My fascination with carousels began when I was a little girl. Growing up in Florida, there was a carousel at the mall where my parents would take me to ride a very special horse. A white carousel horse named Abigail. I have faint, precious memories of riding Abigail, round and around, to a magical combination of music and lights while my daddy’s hand rested at my back holding me safely in place upon a colorfully painted saddle.
I suppose this lingering memory is to thank for subconsciously inspiring my latest novella, The Best Man in Brookside. In this Victorian era tale, my characters Donovan and Sophia are thrown together on an English village’s fair committee and tasked to revive an old, very special, carousel into a steam-driven marvel.
This concept of a steam-powered carousel was incredibly fun for me to research because I am both a history geek and a whimsical Steampunk at heart. Since there were so many interesting facts that failed to make the cut of my tiny novella, I’d like to share some of my harvested knowledge with you now in A Roundabout History of the Victorian Carousel!
The First Carousels: Early carousels were rather small and unimpressive contraptions—simple platforms built with mounted wooden horses turned about by a man or a real horse pulling a rope. Despite their simple construction, the popularity of carousels increased with the passing years and by the mid-19th century, the carousel was a staple at fairs delighting children across England.
The Industrial Revolution: With the Industrial Revolution came a boom of new technologies, innovations, and creative thinking. One such innovator was a man by the name of Thomas Bradshaw who invented the first steam-powered, mechanical carousel—or roundabout, as it was called by the Victorians. Bradshaw’s carousel appeared at the Aylsham Fair in 1861 where it was described by a Halifax Courier journalist as:
“a roundabout of huge proportions, driven by a steam engine which whirled around with such impetuosity, that the wonder is the daring riders are not shot off like cannon- ball, and driven half into the middle of next month.”
Further Innovation: Not long afterwards English engineer Frederick Savage—inspired by Bradshaw’s invention—decided to leave his vocation of agricultural machinery production and begin crafting his own fairground machines. In 1866, Savage developed his variant of a steam-powered carousel and enhanced the concept further by inventing a system of overhead gears and cranks which allowed the suspended horses to move up and down while the carousel turned, simulating a ride on horseback. This advancement made Savage a chief innovator in his field, drawing crowds to the European fairs he toured with his fanciful machine.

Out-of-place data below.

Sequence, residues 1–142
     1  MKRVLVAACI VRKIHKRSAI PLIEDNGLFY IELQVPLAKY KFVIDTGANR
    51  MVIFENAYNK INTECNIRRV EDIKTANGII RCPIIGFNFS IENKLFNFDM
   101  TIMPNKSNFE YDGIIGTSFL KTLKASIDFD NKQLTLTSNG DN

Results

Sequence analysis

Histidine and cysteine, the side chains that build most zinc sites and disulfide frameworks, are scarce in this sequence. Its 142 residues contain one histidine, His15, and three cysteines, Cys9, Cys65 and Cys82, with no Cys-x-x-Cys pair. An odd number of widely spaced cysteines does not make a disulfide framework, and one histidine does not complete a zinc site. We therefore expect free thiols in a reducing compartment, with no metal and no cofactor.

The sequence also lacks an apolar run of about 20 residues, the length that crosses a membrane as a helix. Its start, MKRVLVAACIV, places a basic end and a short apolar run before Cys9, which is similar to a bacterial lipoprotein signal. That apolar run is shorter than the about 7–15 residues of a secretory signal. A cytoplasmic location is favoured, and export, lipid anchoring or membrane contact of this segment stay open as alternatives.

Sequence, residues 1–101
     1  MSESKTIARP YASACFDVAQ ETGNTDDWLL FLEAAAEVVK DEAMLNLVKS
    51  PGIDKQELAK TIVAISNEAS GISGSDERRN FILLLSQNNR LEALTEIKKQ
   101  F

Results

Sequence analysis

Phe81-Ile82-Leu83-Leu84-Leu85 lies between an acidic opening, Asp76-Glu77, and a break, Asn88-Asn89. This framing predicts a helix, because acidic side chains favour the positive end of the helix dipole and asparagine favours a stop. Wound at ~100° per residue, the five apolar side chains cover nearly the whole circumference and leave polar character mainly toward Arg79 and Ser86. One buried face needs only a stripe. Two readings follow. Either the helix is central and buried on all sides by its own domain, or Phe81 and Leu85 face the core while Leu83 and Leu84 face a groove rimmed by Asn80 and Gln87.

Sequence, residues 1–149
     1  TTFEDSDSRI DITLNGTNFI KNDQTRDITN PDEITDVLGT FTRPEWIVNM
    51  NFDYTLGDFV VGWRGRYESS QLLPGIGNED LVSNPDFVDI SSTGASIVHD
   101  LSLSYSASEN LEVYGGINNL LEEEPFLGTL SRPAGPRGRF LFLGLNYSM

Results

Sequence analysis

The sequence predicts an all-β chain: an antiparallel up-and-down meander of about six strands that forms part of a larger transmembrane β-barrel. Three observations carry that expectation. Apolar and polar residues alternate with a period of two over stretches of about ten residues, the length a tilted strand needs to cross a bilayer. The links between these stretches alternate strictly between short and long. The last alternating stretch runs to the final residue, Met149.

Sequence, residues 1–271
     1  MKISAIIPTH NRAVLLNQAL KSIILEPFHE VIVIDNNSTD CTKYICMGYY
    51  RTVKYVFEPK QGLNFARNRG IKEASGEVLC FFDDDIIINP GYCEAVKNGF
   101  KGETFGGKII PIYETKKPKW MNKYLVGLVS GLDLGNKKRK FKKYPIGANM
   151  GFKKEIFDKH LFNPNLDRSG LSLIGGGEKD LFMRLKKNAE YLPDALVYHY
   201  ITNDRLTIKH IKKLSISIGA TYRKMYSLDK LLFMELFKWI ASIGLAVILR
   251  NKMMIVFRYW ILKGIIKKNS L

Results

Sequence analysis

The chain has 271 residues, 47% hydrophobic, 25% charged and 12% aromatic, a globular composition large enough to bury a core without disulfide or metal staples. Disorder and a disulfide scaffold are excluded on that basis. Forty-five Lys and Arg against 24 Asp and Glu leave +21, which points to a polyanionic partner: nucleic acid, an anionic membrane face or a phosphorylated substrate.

New Places, New Names: As carousels continued to gain popularity and spread to other countries, they acquired quite a few new names such as karussell in Germany, carrousel and manages de chevaux in France, and gallopers and roundabouts in England. When steam-driven carousels finally reached the United States in about 1880, they obtained even more fun monikers like: whirligigs, flying horses, spinning or flying jennies, dip-twisters, and most familiar to our modern ears, merry-go-rounds. Today most preservationists favor the name carousel over other terms for its historic context, which is why I chose to use carousel in my novella as opposed to the more English roundabout.
Of the many names for carousels, which one is your favorite? Do you have any special memories associated with carousels? I’d love to hear from you in the comment section.
And for those now wistfully yearning for the childhood magic of a carousel ride, be sure to order my novella, THE BEST MAN IN BROOKSIDE, which released this week in The California Gold Rush Romance Collection! Pop over to my Books page for more information or head straight to Amazon, Barnes & Noble, or CBD!